Eyeglasses May Not Be the Answer
to Your Child's Vision Problem
Sometimes glasses or contact
lenses won't correct a child's
vision problem. Find out why, and
how a program of eye exercises
called
vision therapy can help.
Read more...
Find out more...
Vision Problems Can Be Learning Problems!
Too many children struggle in school with
hidden vision problems that prevent
their eyes from working together
efficiently, or interfere with the brain's
ability to make sense of what their eyes
see.

Is your child visually ready to learn?
How much do you know
about children's vision
problems?

Take this quiz to find out.
Does Your Child Struggle to Read and Learn?

As much as 80% of what kids learn comes through their eyes. However, when vision problems
interfere
with how clearly and easily a child sees, learning can suffer.

For most children, the process of "learning to see" goes well. But some may miss key developmental
milestones or experience eye or vision problems. This can interfere with the development of
vision
skills needed for reading and learning
.

SeeingSmarter provides information and insights to help children of all ages gain the vision skills
they need to succeed in school and in life. You can
learn to recognize, understand, and respond
to vision problems
that may be affecting how your child sees and learns.
Is Your Child's Vision Developing Normally?

Some children have difficulty using their eyes together, moving
them easily along the lines of print in a book, or keeping things they
see in focus. But they probably won't tell you they are having a
problem seeing. Often, these vision problems may not become
obvious until much later, when a child develops reading or learning
problems.

That's why
early detection and treatment of eye and vision
problems
are so important to ensure your child is "visually" ready
to learn.

Materials on this web site are for informational and educational
purposes only. They are not meant to diagnose or treat any eye or vision
problems. Consult your family physician or eye doctor regarding any
medical or vision problem.
What to look for...
Copyright Innovative Writing Works 2015
All rights reserved.
TM
Watching 3-D Movies May Detect Vision Problems
Vision Topics
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Watching a 3-D movie may be a better way to detect possible vision problems than a school vision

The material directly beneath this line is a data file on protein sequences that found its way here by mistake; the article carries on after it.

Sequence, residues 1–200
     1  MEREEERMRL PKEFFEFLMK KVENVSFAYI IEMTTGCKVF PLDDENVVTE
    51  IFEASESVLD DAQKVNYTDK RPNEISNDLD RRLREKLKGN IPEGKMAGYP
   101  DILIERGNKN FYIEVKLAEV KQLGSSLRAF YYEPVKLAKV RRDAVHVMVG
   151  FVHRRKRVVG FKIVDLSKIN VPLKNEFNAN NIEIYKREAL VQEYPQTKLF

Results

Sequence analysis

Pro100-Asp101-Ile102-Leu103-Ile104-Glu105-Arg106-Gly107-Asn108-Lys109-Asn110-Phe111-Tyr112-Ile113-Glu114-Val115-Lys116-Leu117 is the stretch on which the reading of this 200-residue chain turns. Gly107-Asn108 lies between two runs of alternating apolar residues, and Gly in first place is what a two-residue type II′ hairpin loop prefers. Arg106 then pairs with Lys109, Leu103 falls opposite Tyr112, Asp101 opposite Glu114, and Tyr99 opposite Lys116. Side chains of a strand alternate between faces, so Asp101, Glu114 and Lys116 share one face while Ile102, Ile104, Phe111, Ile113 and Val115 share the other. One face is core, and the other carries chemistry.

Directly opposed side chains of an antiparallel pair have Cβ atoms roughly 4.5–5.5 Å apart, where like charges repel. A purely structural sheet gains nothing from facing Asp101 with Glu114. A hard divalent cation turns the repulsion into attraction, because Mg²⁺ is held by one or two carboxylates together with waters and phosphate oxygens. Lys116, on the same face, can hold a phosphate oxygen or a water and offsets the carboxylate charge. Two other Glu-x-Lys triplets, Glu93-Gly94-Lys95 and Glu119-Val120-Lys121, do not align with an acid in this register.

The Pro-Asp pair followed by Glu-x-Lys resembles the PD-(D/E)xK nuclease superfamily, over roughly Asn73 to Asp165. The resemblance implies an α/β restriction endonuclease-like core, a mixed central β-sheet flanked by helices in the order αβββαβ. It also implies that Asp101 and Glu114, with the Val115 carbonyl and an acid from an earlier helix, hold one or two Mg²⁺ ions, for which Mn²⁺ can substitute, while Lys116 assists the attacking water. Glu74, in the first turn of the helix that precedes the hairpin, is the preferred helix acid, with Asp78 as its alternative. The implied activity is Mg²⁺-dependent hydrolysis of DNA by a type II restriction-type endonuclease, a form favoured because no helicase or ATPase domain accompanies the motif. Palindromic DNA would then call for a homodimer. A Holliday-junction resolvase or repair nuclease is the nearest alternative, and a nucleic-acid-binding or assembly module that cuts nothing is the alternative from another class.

screening test. That's because 3-D viewing requires both eyes to coordinate together in order to see
indepth. And poor eye coordination can hurt school and sports performance.

As many as one in ten children may experience problems viewing a 3-D movie because of an
undetected vision problem. If your child complains of discomfort, dizziness, or headaches when
watching 3-D movies, it's probably a good idea to have his or her vision examined by an eye care
professional.
The Food and Drug Administration warns
of the potential dangers to children from
lasers in toys and other products. A laser
beam shone into a person's eye can cause
serious injury and even blindness.

Laser injuries usually don't hurt and may
go unnoticed for days or even weeks. But
the effect on vision could be permanent.

Parents should instruct their children
never to point or aim a laser directly at
anyone or gaze into the laser beam
themselves.

When purchasing toys that incorporate
lasers, look for lableing that states the
levels of radiation and light produced do
not exceed a Class 1 laser, which is the
lowest level of lasers regulated by the FDA.
Learn more about 3-D vision at 3D University
Parents Cautioned About
Laser Toys
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Nearsightedness may result from
spending too much time indoors.
More kids are becoming nearsighted. One
comon factor seems to be the time they
spend indoors looking at electronic
devices (smart phones, computers,
TV).Too much time spent focusing at
close distances can lead to tired eyes,
headaches, blurred vision and an
increased risk for the development of
nearsightedness (myopia).

The American Optometric Association
recommends kids follow the 20-20-20
rule. Take a 20 second break every 20
minutes by looking at something 20 feet or
more in the distance.

Encourage your child to turn off the
electronic devices and get outside to play.